SHANGHAI (Reuters) - China’s economic growth is expected to hit 6.6 percent this year and slow to 6.3 percent in 2019 as the country struggles with challenges relating to trade and structural reform, economists from Beijing’s Renmin University said in a report.
The predictions, published by the news service of the China Academy of Social Sciences late on Saturday, are in line with the median forecast in a poll of 73 economists by Reuters last month, with China under increasing pressure from a trade war with the United States.
But the economists with Renmin University’s School of Economics warned that China would still face difficulties even if trade tensions with the United States were resolved, with the country facing a deteriorating global trade environment, falling export growth and currency depreciation.
China’s gross domestic product (GDP) grew 6.5 percent year on year in the September quarter, its slowest quarter of growth since 2009, and Beijing has tried to encourage commercial banks to boost lending to private firms and take action to ease company financing problems.
The economists said it would be difficult to use short-term measures to alleviate downward economic pressures now building in China, and while recent policies should prevent a deeper decline in growth next year, a new round of structural supply-side reforms was needed.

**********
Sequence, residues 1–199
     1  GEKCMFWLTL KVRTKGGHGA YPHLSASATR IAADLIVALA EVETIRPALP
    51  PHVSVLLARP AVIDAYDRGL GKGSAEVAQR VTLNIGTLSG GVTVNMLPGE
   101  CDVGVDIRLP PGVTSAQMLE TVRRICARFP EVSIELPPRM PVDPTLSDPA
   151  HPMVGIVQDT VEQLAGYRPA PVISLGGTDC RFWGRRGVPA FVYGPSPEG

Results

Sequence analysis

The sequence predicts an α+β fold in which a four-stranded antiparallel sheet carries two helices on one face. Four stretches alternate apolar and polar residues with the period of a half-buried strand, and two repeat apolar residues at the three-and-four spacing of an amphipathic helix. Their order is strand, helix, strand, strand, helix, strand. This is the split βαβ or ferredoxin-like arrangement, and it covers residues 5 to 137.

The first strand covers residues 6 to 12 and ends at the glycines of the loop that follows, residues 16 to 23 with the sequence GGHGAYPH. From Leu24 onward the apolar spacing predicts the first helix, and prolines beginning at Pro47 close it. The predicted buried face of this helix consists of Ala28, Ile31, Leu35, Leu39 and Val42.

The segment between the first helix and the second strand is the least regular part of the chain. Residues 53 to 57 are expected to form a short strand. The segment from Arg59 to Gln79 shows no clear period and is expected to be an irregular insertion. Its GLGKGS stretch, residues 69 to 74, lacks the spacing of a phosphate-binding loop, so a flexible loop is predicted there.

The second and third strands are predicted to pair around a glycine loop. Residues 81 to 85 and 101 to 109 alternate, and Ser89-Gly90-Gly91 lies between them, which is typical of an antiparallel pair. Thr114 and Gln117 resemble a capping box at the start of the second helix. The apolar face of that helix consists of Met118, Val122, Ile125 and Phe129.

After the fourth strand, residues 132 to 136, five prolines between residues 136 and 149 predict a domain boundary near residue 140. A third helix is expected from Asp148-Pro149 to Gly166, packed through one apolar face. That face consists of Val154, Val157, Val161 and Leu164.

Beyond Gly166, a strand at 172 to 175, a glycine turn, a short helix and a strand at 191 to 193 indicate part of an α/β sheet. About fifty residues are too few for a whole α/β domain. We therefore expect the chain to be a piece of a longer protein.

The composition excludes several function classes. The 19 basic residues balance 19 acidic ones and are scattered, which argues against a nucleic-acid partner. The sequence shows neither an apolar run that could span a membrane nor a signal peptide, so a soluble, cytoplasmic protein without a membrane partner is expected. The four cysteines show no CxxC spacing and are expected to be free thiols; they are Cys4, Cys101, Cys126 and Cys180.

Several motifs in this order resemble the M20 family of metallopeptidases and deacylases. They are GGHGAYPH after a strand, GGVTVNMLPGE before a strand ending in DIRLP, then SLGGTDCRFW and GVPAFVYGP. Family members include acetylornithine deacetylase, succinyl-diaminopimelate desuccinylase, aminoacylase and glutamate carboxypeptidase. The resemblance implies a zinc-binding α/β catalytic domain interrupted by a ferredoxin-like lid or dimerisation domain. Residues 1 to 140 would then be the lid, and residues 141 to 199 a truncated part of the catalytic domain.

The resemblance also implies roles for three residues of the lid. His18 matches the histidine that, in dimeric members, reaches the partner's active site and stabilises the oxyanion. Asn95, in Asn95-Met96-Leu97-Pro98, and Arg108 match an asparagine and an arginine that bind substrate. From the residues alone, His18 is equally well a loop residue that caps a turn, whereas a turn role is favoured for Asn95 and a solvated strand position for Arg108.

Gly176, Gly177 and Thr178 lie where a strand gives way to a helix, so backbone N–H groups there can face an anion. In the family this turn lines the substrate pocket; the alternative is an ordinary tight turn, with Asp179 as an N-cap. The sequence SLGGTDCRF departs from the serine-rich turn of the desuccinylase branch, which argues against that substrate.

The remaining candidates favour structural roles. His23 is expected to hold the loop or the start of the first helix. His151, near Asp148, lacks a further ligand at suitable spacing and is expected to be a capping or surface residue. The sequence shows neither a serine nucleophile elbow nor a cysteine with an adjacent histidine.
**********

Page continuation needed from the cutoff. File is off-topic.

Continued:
They predicted that 2019 would be critical in the restructuring of China’s economy and its long-term transition to a slower and more high-quality growth model.
The report said next year should also see a rebalancing of China’s foreign trade, with imports likely to soar 16.1 percent, compared with a 6.1 percent rise in 2018.
Liu Yuanchun, dean of Renmin University’s School of Economics and one of the authors, said the steady decline in China’s savings rate and the stimulation of domestic consumption was now a more important factor in the country’s economic development than investment.
The report said Chinese consumer spending was expected to rise 9 percent next year, outpacing overall growth.
Reporting by David Stanway; editing by Richard Pullin
Our Standards: The Thomson Reuters Trust Principles.